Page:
We seek to further our understanding of English phonology and of the way in which phonological structure affects children's learning of printed English. Two specific aspects of phonology are examined -- the structure of the syllable and the division of two-syllable words into syllables. With regard to syllable structure, recent behavioral and linguistic evidence suggests that the syllable is not just a line string of individual sounds or phonomes. Rather, the phonemes may have a hierarchial internal organization, being grouped into an onset (initial consonant or cluster) and a rime (vowel plus any following consonants). With regard to syllabication, different linguistic theories offer different rules for the division of words into syllables. Some suggest that a phoneme may belong simultaneously to two syllables, or be ambisyllabic. The proposed research uses several techniques to gather information about syllables and their structure, including Pig Latin-type word games and error in short-term and long-term memory tasks. Based on the finding about phonological structure, the proposed research studies children's awareness of phonological units. It is hypothesized that children become aware that syllables can be divided into onset and rime units before they are able to analyze onsets and rimes onto their component phonemes. To test this hypothesis, experiments on phonological awareness of children aged 4-7 are carried out. It is further hypothesized that many of children's early spelling errors make sense when viewed in light of phonological theories about syllables. To test this hypothesis, computer-assisted analyses of a large collection of first graders' spellings are carried out.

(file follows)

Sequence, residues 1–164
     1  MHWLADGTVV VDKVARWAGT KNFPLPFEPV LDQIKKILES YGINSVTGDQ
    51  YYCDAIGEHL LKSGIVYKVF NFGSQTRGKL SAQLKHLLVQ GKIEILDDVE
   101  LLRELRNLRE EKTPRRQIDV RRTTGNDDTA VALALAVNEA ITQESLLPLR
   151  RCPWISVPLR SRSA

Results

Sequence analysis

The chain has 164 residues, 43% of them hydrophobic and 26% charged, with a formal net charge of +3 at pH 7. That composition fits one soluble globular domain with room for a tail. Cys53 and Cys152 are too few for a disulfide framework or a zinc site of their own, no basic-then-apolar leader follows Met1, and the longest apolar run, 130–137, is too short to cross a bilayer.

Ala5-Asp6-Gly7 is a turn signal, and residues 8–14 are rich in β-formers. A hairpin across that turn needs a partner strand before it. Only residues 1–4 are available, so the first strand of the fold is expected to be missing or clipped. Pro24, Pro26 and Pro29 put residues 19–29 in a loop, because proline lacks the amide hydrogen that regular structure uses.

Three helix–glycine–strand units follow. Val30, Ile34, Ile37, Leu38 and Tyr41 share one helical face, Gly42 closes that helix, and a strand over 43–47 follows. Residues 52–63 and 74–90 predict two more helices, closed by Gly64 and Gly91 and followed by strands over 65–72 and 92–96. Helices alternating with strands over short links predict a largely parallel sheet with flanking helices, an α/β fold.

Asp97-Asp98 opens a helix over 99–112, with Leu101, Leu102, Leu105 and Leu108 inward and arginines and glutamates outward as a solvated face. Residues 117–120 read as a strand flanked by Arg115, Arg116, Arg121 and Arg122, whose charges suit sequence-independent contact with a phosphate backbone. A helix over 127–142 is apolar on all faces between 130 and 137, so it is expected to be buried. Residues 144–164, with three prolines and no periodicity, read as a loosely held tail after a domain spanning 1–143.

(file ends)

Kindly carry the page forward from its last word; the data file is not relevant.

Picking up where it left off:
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Eunice Kennedy Shriver National Institute of Child Health & Human Development (NICHD)
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Human Development and Aging Subcommittee 1 (HUD)
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Wayne State University
Schools of Arts and Sciences
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Treiman, R; Zukowski, A (1996) Children's sensitivity to syllables, onsets, rimes, and phonemes. J Exp Child Psychol 62:193-215
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